Rare birds have flown thousands of miles to land on the Lower Ormeau Road. It is a glorious summer Saturday and I am going across town to visit a friend who lives on the Antrim Road. They are standing outside the taxi depot: two black guys wearing basketball kit, bright primary-coloured vests and shorts. They are very tall, muscular, young; their eyes are shielded behind designer shades. As I go past them into the depot to order my taxi, I strain to eavesdrop on their conversation. I don’t get much of it, but enough to tell me that they are Americans: their cursing is familiar from the TV.
In the gloomy interior there is laminated wood cladding on the walls, and benches along three sides of the room. There are no windows, and the sunlight from outside forms a bright trapezoid on the dirty green linoleum floor. The only other light is provided by a naked low-wattage bulb hanging from its cable up on the cracked ceiling. There is a door facing the entrance, and in the corner, high up, is an obtuse-angled acrylic two-way mirror with holes drilled into the bottom of it. The silvering is peeling off in places, and it reflects blurry, fragmented, fairground images back to me. I have no doubt that the window is thick and bullet-proof; taxi depots are an easy target. At least the dispatcher will be safe. From behind the screen, his disembodied voice calls to me with surprising clarity: Where you going mate? I tell him my destination, and he replies: he’ll be outside in 2 minutes. I go back into the sunshine, relieved to be out of the place; it always makes me nervous.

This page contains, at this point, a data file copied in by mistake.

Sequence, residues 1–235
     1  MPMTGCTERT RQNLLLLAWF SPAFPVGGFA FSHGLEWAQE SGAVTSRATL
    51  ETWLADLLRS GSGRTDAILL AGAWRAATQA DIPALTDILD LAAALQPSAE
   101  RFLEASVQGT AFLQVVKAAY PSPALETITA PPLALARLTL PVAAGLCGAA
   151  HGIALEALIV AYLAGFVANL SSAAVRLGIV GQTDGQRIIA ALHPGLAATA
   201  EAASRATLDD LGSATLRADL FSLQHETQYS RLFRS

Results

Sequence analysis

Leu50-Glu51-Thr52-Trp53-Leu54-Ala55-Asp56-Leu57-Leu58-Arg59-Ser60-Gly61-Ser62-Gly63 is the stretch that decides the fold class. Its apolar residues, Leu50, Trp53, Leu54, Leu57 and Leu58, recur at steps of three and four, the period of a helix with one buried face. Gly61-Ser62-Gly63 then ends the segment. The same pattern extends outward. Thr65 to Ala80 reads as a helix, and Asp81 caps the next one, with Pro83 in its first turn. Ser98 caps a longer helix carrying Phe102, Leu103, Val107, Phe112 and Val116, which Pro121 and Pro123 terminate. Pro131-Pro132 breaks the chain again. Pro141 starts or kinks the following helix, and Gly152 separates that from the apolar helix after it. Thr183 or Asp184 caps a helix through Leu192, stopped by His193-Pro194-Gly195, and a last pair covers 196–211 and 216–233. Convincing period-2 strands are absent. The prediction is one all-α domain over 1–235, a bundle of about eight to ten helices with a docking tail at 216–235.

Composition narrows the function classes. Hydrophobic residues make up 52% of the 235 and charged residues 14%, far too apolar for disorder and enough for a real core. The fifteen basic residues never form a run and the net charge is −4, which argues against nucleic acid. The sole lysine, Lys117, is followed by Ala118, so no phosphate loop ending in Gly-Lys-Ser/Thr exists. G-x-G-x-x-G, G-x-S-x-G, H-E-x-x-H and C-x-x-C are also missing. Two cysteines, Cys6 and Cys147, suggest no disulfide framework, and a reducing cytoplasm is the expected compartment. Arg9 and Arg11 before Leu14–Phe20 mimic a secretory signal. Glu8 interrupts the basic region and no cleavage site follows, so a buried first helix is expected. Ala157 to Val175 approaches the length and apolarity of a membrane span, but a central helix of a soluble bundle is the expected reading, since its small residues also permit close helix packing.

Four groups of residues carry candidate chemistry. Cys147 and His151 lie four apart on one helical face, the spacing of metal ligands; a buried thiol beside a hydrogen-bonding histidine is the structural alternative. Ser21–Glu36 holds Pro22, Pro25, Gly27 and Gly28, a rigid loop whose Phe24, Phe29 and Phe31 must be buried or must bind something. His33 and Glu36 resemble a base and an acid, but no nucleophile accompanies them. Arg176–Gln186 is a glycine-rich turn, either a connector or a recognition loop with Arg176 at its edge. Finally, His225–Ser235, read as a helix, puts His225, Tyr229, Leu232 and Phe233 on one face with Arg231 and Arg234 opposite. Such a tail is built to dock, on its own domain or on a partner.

I listen in to the conversation again. The language, posture – everything in fact, is straight out of Boyz n the Hood, and I suspect that they’re hamming it up a bit for my benefit. After a few seconds Terry, the driver, emerges from the dark. He is a chirpy man, always good for a bit of banter. He smiles broadly at me, What about ye? Antrim Road, hey? You’re sharing with these ‘uns; that alright? He looks at the basketballers: Where you boys going? They look offended, and the one in the yellow vest replies fiercely, Ain’t nobody’s boy, cabbie. Terry is a little taken aback. Here, sorry mate, we call everyone boy round here, he gestures towards me with his thumb, even his missus! No offence. I interject: I’ll tell her you said that. Everyone relaxes. The other guy says, we’re going Downtown; he emphasises the last word. You’ll be breaking Irish girls’ hearts tonight then, says Terry. They grin at each other, and do a high-five routine, snapping their fingers at the end. We climb into the taxi, me in the front. The one in the yellow says slowly and contemplatively: Yeah. Downtown Belfast. He seems to relish the idea of it. There is a police checkpoint on the Ormeau Road by the UTV studio, where grey armoured Landrovers filter the traffic going into town. They check Terry’s licence and have a juke inside the cab; the delay is about ten minutes. We drop the lads in Bedford Street, close to City Hall. Here, they’re the real McCoy, wha? says Terry, laughing, as they lope towards the traffic lights. They stand out by a mile in the jostling lunchtime crowds. I can’t imagine what they are expecting from Belfast’s modest city centre, with its security gates, queues, searches, barbed wire, and army patrols. They are like brightly-coloured parakeets from the rainforest that have come to roost on a graveyard Yew; exotic. They will have fun tonight.